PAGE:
Heavy metal accumulation in soil is of concern in agricultural productions due to its adverse effect on food quality and crop growth. This study, therefore, examines the heavy metal concentrations of some commonly consumed foods collected in some parts of southwestern Nigeria. Five food samples (potato, sorghum, maize, yam and cassava) were collected from five different locations and analyzed for metals using standard procedures. Soil samples where the food crops were grown were also collected and analyzed for heavy metal concentrations. Metals analyzed were zinc (Zn), lead (Pb), copper (Cu), cadmium (Cd) and chromium (Cr). Data from metal analyses were subjected to Analysis of Variance (ANOVA), Pearson’s Correlation Coefficient and Duncan Multiple Range Test (DMRT). Results showed that heavy metal levels were significantly (p<0.05) different in sorghum, maize and yam. Maize recorded the highest metal concentrations for Zn (5.913.08 µg/g), Pb (2.871.33 µg/g), Cu (2.120.94 µg/g), Cd (0.030.05 µg/g) and Cr (4.532.58 µg/g); followed by sorghum: Zn (4.351.94 µg/g), Pb (2.511.49 µg/g), Cu (1.810.97 µg/g), Cd (0.020.04 µg/g) and Cr (2.881.88 µg/g), and then in yam: Zn (1.451.03 µg/g), Pb (0.900.68 µg/g), Cu (1.220.60 µg/g), Cd (0.000.00 µg/g) and Cr (1.540.44 µg/g). There was a positive relationship between the metal concentrations in food items and the soil where they were grown indicating metal bioaccumulation in crops.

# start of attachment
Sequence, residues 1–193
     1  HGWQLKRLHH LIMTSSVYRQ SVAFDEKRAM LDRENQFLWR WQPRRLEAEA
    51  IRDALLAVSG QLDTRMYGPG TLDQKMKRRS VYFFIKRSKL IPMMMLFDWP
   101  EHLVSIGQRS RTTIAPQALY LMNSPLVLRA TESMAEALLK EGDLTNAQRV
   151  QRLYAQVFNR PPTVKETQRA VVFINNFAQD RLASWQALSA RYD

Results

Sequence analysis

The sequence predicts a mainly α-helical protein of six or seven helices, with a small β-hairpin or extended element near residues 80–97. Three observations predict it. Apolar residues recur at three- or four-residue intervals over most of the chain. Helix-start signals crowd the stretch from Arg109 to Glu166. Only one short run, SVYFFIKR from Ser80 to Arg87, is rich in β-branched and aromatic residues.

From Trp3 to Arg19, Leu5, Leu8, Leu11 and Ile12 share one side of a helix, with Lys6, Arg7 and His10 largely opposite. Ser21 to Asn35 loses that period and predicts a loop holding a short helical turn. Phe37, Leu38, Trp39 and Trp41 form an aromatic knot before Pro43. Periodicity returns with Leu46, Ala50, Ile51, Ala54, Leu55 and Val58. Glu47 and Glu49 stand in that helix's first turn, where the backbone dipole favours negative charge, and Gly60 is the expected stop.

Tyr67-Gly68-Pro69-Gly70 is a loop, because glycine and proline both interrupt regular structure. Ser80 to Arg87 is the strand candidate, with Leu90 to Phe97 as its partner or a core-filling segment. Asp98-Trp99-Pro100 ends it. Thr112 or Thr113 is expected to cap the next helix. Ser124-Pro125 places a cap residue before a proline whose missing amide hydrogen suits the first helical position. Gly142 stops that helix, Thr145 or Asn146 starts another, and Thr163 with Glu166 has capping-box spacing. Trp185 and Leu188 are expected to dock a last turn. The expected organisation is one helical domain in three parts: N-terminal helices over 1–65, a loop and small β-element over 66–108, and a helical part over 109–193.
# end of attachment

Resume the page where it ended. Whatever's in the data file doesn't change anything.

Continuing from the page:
Keywords: Heavy metals, dietary products, soil, health.